Roll up for the most subversive, perversely funny, carnival in town
This article is from 2015.
Tar Baby is a metaphor for a sticky situation, co-opted by the Ku Klux Klan as a racist insult. American performer Desiree Burch, who co-wrote this blistering piece with Dan Kitrosser, reclaims the phrase in a carnivalesque performance that is part autobiography, part history lesson, finally morphing into something unforgettable.
Burch forces truth pills on the audience, both metaphorically and literally, initially in the form of cotton balls and packets of sugar, both symbols of black slavery. She is a sweet then sadistic ringmaster, pushing liberal guilt buttons to the point of discomfort.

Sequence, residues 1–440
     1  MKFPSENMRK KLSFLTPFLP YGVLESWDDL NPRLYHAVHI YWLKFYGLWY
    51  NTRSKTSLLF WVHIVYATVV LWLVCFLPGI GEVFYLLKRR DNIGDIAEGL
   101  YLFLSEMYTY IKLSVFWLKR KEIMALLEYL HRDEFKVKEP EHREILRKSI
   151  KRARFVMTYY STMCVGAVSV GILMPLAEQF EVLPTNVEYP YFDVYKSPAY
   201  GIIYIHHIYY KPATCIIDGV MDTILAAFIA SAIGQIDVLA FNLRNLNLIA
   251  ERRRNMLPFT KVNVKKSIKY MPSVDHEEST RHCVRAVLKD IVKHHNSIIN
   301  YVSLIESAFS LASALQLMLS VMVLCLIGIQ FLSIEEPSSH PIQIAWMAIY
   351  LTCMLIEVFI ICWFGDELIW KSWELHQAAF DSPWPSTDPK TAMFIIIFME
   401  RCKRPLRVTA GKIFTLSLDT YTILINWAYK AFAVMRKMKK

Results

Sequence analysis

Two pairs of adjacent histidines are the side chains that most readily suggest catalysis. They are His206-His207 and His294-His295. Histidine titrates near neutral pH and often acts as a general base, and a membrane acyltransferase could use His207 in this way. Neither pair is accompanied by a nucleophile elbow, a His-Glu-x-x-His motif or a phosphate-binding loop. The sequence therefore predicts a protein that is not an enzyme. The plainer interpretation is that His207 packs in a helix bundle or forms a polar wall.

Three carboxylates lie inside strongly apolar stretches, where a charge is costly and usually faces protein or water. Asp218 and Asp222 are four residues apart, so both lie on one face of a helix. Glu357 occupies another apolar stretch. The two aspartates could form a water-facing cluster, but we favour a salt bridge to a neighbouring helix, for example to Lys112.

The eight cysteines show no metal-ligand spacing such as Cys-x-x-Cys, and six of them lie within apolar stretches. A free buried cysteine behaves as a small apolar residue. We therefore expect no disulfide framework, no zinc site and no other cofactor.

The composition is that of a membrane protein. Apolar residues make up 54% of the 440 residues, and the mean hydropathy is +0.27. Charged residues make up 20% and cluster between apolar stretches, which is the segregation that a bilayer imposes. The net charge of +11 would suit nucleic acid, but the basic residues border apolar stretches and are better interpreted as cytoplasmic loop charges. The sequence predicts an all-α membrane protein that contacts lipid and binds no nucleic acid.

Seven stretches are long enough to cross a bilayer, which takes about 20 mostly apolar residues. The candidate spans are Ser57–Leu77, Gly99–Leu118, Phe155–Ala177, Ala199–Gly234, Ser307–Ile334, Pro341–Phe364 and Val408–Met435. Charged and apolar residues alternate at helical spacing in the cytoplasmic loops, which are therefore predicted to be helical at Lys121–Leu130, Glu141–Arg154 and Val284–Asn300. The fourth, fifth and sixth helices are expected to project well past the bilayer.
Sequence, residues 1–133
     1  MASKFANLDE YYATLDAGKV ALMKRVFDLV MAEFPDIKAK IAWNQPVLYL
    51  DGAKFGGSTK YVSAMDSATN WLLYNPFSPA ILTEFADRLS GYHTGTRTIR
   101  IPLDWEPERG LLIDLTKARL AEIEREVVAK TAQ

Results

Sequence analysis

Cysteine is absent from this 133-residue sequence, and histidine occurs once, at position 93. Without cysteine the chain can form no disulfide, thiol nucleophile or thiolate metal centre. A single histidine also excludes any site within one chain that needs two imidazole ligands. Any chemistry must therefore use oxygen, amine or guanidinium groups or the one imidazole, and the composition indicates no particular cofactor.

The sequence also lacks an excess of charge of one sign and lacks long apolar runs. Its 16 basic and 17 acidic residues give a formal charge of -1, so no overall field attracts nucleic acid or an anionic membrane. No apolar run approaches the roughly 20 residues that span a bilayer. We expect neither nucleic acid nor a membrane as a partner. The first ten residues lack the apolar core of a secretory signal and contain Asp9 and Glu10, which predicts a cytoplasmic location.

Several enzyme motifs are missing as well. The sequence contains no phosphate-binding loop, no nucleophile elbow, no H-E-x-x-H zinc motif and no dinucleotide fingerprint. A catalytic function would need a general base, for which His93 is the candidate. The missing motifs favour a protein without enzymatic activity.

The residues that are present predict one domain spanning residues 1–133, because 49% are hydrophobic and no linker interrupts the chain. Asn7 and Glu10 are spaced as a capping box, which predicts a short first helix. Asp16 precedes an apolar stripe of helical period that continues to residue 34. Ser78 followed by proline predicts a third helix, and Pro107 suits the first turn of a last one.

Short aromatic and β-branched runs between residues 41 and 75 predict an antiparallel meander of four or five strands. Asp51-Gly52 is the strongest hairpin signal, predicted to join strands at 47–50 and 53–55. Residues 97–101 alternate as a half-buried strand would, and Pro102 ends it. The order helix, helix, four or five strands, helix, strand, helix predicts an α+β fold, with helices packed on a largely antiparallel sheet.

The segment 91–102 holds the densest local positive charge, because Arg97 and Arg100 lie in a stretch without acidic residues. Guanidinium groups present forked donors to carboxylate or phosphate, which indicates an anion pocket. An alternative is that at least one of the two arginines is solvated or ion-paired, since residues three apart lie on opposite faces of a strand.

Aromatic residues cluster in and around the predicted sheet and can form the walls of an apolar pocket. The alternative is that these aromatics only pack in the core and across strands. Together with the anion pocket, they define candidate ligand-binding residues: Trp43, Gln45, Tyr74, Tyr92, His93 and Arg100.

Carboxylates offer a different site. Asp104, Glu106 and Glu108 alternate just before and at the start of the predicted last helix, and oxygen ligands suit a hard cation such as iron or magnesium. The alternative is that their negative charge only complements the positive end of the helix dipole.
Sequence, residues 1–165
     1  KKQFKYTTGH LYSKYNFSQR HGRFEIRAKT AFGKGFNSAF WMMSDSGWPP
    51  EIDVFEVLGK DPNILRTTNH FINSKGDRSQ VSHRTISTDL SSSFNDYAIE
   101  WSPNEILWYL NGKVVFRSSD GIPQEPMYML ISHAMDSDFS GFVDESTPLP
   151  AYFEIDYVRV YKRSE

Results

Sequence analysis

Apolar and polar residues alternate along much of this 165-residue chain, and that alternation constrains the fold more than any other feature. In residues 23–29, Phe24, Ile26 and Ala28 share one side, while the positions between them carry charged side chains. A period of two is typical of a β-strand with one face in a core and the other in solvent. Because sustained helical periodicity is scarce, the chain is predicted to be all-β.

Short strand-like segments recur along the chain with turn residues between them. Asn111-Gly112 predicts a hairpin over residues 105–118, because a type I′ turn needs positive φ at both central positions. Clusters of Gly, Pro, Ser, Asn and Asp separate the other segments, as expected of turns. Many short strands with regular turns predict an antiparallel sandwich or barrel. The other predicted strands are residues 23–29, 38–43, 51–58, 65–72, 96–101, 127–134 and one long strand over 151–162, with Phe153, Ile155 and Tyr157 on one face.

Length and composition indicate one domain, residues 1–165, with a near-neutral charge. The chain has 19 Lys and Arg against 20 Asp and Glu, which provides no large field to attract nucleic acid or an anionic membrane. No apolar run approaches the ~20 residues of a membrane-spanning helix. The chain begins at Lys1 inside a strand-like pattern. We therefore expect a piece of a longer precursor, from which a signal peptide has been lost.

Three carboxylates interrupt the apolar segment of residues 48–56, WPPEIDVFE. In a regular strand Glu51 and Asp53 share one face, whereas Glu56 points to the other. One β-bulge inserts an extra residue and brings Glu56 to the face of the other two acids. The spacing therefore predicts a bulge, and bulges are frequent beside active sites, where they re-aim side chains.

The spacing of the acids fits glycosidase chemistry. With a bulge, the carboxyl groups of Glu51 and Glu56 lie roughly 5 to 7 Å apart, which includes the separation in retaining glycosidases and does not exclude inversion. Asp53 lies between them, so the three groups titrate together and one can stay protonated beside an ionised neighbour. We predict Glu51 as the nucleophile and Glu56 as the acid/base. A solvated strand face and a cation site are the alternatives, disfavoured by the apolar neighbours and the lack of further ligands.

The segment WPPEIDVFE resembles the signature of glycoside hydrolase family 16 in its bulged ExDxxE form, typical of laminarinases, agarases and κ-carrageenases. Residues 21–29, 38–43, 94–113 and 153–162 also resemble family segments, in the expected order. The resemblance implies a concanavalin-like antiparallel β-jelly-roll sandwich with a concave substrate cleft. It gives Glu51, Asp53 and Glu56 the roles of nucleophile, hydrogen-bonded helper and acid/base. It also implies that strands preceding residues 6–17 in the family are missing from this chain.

A white male audience member is selected and made up in white clown make-up. Burch persuades him to blacken her skin, alluding to the time a director complained she ‘wasn't black enough’. ‘What colour is the void?’ she asks. ‘What colour is nothing?’
Towards the end, Burch delivers a scathing monologue that engulfs the audience in a tidal wave of rage at casual everyday racism and the recent cop killings of African-American citizens. Tar Baby is brutal and beautiful – often hilarious – and absolutely vital.
Gilded Balloon, 622 6552, until 31 Aug (not 19, 26), noon, £9--£10 (£7--£8).